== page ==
The US on Thursday blacklisted nine companies and government institutions — including two Russian firms — and three people for their support of North Korea’s weapons programs.
The announcement from the US Department of the Treasury came as diplomats said the US and China were likely to on Thursday propose that the UN Security Council blacklist more North Korean individuals and entities over the country’s repeated ballistic missile launches.
Russia’s Interfax news agency quoted Russian Deputy Minister of Foreign Affairs Sergei Ryabkov as saying Moscow was puzzled and alarmed by the US decision to sanction a Russian citizen and firms over alleged connections to North Korea.
He said Russia is preparing retaliatory measures, and the sanctions would not help efforts to restore relations between Moscow and Washington, RIA news agency reported.
The US has struggled to slow North Korea’s nuclear and missile programs, which has become a priority given Pyongyang’s vow to develop a nuclear-tipped missile capable of hitting the US mainland.
Washington has worked to step up both unilateral and international sanctions in an effort to cut off funds and supplies to the reclusive state.
The measures sanctioned Ardis-Bearings LLC, which it said is based in Moscow, and its director, Igor Aleksandrovich Michurin, for acting as a supplier to a North Korean trading company involved in the country’s missile and weapons of mass destruction programs.
Another Russian firm, Independent Petroleum Co (IPC), and a subsidiary were blacklisted for signing a contract to provide oil to North Korea and shipping more than US$1 million of petroleum products to North Korea, the department said.
IPC owner Eduard Khudainatov was chief executive of Russia’s largest oil producer, Rosneft, from 2010 to 2012 before Russian President Vladimir Putin appointed his close aide, Igor Sechin, to replace him.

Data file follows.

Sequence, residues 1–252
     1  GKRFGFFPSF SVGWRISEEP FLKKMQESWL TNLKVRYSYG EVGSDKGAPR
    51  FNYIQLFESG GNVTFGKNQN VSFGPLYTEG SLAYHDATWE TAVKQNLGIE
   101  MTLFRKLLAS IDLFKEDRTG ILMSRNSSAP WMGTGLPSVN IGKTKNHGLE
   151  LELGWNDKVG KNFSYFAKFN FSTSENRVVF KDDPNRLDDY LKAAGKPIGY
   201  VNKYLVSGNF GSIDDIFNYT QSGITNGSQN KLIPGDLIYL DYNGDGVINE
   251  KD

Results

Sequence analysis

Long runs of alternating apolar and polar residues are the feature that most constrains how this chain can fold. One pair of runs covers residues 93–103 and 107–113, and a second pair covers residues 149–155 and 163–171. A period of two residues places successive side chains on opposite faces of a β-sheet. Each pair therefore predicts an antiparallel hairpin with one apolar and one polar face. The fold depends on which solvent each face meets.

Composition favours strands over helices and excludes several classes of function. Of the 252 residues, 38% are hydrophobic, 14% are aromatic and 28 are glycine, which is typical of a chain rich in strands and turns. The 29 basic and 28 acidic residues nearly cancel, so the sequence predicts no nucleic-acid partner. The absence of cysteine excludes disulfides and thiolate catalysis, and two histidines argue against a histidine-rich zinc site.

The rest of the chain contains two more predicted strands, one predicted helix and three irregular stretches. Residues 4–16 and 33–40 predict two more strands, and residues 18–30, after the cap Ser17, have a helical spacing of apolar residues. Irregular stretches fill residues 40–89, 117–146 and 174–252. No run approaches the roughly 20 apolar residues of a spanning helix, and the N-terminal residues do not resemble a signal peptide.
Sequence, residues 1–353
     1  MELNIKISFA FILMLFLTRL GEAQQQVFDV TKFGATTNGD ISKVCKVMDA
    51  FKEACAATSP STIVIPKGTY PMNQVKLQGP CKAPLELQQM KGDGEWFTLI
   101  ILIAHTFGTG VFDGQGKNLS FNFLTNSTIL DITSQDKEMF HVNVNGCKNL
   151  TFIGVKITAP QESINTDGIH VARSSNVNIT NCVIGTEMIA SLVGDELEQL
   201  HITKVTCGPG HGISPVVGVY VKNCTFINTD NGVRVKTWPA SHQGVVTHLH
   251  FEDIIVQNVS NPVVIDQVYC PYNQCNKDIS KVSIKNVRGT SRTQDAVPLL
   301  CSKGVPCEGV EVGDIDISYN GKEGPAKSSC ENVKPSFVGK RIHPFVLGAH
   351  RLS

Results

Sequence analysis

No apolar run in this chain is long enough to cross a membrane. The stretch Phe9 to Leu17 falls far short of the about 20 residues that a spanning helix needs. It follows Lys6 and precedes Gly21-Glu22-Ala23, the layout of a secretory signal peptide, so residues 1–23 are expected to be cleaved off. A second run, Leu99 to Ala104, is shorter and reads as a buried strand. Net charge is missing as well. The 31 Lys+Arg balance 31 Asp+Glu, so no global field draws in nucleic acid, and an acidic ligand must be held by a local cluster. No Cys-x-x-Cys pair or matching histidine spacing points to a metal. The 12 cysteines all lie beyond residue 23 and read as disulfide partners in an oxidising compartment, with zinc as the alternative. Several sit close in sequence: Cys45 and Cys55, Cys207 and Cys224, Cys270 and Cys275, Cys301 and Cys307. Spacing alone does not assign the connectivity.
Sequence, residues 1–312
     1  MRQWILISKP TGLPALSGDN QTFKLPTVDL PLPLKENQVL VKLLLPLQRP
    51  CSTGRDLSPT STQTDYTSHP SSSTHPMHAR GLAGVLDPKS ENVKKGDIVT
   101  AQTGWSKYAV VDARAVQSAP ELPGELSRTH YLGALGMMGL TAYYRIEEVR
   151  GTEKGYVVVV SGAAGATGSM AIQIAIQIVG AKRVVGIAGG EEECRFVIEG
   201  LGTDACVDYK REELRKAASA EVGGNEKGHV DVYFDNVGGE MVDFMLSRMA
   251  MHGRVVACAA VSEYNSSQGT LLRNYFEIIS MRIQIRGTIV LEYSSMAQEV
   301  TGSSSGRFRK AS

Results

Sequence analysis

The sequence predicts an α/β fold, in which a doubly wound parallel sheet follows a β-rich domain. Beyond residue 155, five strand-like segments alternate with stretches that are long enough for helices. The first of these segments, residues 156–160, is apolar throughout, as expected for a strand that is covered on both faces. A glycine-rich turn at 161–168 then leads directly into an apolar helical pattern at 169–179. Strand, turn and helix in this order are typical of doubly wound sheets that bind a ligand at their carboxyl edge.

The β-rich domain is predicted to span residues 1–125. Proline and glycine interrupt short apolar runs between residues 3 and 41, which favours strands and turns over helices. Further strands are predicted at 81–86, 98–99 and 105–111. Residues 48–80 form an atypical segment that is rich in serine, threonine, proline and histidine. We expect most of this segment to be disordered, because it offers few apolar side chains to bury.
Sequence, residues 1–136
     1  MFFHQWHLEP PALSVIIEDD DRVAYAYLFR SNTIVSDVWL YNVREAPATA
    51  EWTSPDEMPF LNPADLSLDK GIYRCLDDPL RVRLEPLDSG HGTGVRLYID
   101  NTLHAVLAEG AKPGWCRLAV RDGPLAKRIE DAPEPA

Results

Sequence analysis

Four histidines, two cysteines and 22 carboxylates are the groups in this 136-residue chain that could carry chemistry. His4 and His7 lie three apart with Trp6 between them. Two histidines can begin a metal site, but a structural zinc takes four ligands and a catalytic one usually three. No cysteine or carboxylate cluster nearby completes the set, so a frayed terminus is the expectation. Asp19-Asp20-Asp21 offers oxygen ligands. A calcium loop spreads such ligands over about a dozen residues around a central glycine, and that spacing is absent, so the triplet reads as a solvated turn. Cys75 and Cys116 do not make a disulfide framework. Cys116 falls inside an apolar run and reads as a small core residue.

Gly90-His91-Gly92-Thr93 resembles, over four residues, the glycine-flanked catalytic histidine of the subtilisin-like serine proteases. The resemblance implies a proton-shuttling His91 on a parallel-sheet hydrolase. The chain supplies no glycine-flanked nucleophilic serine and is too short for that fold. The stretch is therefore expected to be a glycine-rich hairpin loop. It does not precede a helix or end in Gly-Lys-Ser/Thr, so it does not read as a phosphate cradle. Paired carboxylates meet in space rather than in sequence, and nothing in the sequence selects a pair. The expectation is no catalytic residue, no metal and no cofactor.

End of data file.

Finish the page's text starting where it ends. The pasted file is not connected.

Khudainatov then became a Rosneft vice president and subsequently left the company and took over the much smaller IPC, which produces about 40,000 barrels of oil per day, compared with more than 4 million barrels a day at Rosneft.
The department also sanctioned a major North Korean zinc company, Korea Zinc Industrial Group, and Korea Computer Center, which it said is a state-run information technology research center that generates foreign currency for the North Korean government through programming and software development.
The center is believed to have offices in Germany, China, Syria, India and the Middle East, the department said.
North Korean intelligence official Kim Su-Kwang was also sanctioned, as he had worked undercover at a UN organization in Europe, it said.
The steps freeze any funds the individuals or companies might have in the US, and bar Americans from dealing with them.
The US has been negotiating with China for five weeks on possible new UN sanctions and the UN Security Council could have voted on a draft resolution to add names to its targeted sanctions list as early as yesterday, diplomats said.
US President Donald Trump’s administration has been pressing Beijing to rein in North Korea, warning that all options are on the table if Pyongyang persists with its nuclear and missile development.
Traditionally, the US has negotiated new sanctions with China — North Korea’s neighbor and only major ally — before involving the other 13 council members.
Russian support would be needed for the approval of a new resolution.
Any new names added to the UN blacklist would be subjected to a global asset freeze and travel ban.
The UN Security Council first imposed sanctions on Pyongyang in 2006 over its ballistic missile and nuclear programs, and has ratcheted up the measures in response to five nuclear tests and two long-range missile launches.
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